Musical Instruments of Antiquity as Illustrated in
The Adventures of Asterix the Gaul

Daniel A. Russell

Professor of Acoustics & Director of Distance Education
Graduate Program in Acoustics, The Pennsylvania State University

Part 8: Architectural Acoustics in Ancient Gaul

The word "acoustics" (l'acousitique) was coined by French scientist Joseph Saveur (1653-1716) who first used it in a 1701 article to describe the science of sound and hearing, in the same way that Isaac Newton's word "optics" describes the science of light and sight. Goscinny and Uderzo demonstrate that an the foundation of the French understanding and appreciation of acoustics was already present in 50 BC in the ancient Gaulilsh villiage where Asterix lives. In Asterix and the Normans Caconofix the bard demonstrates concern over whether or not the acoustic conditions are favorable for an outdoor musical concert at the top of a cliff. Apparently he knew things about outdoor sound propagation that later scientists like Tyndall and Rayleigh had to relearn for themselves.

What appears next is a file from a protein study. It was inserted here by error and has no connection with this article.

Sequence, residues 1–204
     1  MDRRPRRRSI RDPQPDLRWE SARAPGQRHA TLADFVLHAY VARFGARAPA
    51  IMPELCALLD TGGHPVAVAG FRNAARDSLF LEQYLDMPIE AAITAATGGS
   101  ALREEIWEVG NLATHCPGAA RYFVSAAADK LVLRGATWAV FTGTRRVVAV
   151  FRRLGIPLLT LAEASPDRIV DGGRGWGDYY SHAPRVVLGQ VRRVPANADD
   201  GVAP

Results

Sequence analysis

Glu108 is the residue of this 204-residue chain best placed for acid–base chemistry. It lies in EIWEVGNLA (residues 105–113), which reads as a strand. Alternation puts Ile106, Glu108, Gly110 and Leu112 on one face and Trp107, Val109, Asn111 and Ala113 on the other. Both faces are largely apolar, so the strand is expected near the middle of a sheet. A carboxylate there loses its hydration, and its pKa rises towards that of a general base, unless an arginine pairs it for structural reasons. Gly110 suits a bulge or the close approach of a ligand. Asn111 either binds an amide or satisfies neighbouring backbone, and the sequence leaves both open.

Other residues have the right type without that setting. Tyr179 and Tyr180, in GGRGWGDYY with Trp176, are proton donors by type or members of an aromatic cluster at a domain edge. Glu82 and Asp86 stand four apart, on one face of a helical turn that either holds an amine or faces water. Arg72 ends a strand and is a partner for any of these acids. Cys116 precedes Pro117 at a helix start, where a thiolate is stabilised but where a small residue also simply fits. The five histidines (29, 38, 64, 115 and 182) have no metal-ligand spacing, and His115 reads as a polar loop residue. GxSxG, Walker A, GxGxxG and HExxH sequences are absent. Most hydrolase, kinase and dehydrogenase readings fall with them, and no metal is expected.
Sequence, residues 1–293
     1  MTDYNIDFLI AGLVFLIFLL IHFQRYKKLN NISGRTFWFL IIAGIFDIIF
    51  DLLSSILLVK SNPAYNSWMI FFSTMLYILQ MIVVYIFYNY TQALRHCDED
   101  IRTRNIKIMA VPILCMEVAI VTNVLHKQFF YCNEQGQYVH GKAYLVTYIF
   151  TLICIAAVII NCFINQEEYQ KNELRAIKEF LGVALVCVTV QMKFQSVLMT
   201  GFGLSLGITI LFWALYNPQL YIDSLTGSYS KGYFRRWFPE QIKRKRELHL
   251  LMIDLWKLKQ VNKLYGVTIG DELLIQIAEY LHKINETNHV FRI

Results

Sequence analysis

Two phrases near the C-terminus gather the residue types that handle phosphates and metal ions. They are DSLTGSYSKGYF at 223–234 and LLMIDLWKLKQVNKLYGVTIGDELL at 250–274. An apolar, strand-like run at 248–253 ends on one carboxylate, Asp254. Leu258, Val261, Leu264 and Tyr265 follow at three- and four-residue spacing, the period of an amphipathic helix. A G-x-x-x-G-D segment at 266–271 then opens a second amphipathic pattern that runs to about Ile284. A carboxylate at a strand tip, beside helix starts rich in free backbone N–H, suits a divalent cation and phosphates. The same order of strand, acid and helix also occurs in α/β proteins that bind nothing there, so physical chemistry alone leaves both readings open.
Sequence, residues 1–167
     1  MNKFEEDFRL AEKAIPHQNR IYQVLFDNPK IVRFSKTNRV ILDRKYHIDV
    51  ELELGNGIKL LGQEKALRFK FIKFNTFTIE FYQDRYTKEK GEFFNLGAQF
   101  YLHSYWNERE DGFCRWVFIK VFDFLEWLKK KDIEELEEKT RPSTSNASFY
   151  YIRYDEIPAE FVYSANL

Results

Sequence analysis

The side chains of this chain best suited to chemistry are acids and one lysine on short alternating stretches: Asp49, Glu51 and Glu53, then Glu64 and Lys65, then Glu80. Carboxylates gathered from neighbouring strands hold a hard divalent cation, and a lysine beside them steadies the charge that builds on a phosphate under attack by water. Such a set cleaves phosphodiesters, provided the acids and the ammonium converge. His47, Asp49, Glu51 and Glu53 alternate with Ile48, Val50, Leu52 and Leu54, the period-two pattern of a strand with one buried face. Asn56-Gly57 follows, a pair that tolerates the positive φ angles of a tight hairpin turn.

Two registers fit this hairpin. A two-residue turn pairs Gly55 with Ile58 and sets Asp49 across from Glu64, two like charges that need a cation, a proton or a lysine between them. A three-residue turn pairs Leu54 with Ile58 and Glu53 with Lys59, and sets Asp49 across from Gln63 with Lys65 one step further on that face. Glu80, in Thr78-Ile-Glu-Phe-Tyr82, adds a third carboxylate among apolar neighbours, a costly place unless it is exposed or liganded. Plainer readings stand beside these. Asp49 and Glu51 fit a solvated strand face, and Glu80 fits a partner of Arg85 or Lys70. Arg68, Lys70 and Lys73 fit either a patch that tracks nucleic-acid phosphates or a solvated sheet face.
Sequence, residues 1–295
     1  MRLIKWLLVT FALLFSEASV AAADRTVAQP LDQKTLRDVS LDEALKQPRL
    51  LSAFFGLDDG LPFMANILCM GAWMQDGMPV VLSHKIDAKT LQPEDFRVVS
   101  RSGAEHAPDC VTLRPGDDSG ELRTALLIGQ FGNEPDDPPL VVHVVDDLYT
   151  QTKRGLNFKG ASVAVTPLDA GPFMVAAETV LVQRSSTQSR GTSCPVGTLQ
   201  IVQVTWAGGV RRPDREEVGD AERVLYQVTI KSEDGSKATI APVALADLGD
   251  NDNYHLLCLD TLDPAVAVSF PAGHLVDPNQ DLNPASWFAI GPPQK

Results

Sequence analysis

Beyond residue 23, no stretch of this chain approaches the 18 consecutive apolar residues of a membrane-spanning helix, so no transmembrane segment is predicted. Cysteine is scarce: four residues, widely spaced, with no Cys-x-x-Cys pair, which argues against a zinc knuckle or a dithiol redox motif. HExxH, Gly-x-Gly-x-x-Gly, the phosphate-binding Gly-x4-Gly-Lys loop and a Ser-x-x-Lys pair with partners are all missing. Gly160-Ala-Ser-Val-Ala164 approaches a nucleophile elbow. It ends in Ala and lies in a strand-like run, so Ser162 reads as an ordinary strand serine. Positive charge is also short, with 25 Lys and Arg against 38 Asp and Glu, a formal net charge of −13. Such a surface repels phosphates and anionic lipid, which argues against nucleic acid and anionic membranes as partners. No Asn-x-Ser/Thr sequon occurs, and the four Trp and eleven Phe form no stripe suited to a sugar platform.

Cacfonix also shows an awareness of the important of room acoustics that would make Sabine proud. Here, in a scene from Asterix and the Magic Carpet, Caconifix is checking out the acoustics of his new hut which had been rebuilt after being destroyed when the village was burned to the ground.
And, finally, as we finish up this look at musical instruments of antiquity as experience by Asterix the Gaul, there is evidence that music was much heavier back in ancient times than it is today. Here, in two frames from Asterix and the Goths and Asterix and the Secret Weapon Uderzo shows the bard sweeping old music out of his/her hut, and having it fall to the ground below. Perhaps these notes were the "exponential decay" left behind in the reveberation from previous musical performances inside the hut.

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